"Where good ideas come from?"

      The e-Learning Lead Team at Mt Roskill Grammar represent a number of learning areas and departments across the school.  Face-to-face time is one opportunity to connect and learn.

      Today's agenda included many opportunities for conversations specifically targeted at sharing the impact of the team's teacher e-learning inquiries.

      We kicked today off with this short clip by Steven Johnson, and shared some of the ideas that resonated with us on this collaborative Google doc.

      "...we have so many new ways to connect, so many new ways to reach out and find other people...that's the real lesson of where good ideas come from, the chance favours the connected mind" 
      (Steven Johnson)


      Tuesday, June 7, 2011

      Exploring the "Raw Materials of History"

      Exploring primary sources or the "raw materials of history" provides students with an opportunity to examine the past free from the interpretations of others.  
      (Library of Congress)

      The following Google presentation has been created to explore strategies and resources for teaching and learning with primary sources. It also includes:
      • strategies to support students to analyse primary sources 
      • support for using analysis tools and Google docs for collaboration
      • links to Google research and search tools for locating and organising data and information 
      • support for creating and integrating Learning Paths in Digistore
      The intention is to revisit and add to this resource in response to feedback and the evolution of further resources and web tools.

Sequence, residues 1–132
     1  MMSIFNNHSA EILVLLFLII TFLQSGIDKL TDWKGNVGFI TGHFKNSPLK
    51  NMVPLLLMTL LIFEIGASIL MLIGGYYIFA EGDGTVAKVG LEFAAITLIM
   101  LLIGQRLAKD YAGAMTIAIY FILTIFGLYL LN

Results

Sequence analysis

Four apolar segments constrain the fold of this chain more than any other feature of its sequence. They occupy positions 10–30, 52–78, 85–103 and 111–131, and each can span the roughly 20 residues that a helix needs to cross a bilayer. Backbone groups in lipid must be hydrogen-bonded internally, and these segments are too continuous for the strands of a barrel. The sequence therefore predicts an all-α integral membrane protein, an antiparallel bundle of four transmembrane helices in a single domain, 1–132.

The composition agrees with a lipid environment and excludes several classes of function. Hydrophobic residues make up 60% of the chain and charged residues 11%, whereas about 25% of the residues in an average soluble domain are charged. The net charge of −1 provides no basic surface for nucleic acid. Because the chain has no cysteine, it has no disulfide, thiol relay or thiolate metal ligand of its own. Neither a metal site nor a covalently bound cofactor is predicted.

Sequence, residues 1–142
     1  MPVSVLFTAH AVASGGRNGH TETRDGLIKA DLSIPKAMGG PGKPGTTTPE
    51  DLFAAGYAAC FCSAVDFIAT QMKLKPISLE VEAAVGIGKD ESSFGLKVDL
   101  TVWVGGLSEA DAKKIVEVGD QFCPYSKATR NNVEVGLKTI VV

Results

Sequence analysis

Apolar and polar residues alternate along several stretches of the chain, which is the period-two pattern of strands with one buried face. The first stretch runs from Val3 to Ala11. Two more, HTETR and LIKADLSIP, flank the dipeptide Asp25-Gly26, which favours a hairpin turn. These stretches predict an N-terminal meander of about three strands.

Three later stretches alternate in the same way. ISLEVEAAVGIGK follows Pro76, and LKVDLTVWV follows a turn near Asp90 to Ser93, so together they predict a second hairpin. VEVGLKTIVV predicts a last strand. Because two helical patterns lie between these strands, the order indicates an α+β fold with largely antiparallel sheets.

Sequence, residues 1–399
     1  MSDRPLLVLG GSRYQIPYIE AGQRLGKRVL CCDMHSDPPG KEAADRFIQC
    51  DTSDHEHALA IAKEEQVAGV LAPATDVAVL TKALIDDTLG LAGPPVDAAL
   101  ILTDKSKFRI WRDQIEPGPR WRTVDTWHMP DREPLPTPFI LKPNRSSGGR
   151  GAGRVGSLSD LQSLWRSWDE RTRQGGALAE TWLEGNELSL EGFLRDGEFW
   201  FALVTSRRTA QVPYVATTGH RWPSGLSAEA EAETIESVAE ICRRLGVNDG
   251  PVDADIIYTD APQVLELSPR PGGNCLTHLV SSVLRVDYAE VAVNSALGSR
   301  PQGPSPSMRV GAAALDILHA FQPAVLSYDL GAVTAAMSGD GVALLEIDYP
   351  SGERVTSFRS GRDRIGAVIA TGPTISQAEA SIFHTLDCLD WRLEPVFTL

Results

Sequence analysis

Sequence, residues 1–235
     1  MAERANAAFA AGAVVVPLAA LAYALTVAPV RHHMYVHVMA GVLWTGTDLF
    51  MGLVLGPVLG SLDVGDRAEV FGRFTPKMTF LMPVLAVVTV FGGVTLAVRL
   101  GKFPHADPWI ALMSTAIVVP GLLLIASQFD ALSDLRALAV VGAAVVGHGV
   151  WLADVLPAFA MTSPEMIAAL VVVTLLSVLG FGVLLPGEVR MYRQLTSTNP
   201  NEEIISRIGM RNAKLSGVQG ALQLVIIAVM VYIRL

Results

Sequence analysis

Click the 'open in a new window' icon above to view a full screen version

      Thursday, June 2, 2011

      "Because context matters...inquiry is important"

       I have been fortunate in the past couple of months to have had opportunities to collaborate with teachers and colleagues focusing on a variety of educational contexts including: curriculum, pedagogy, e-learning, leadership and assessment.  Our conversations and thinking often include reference to Teaching as Inquiry (NZC and TMoA).

      Context matters (click to enlarge)
      As we have explored examples of Teaching as Inquiry I have been reminded of a statement from Claire Sinnema that I referenced in an earlier post on this blog "Inquire with a Travelling Mindset" ...

      "because context matters... 
      inquiry is important"

       The New Zealand Curriculum Online describes the Teaching as Inquiry cycle as "an organising framework that teachers can use to help them learn from their practice and build greater knowledge."

      While the framework provides us with a common understanding and language for inquiry into our pracitice, the context is what brings life to the inquiry and to the learning.

      Click to view bookmarks
      To explore and share examples of teaching as inquiry in different contexts I have saved links to my  Teaching as Inquiry Bookmarks in Delicious.
       Each link includes a brief description of the inquiry context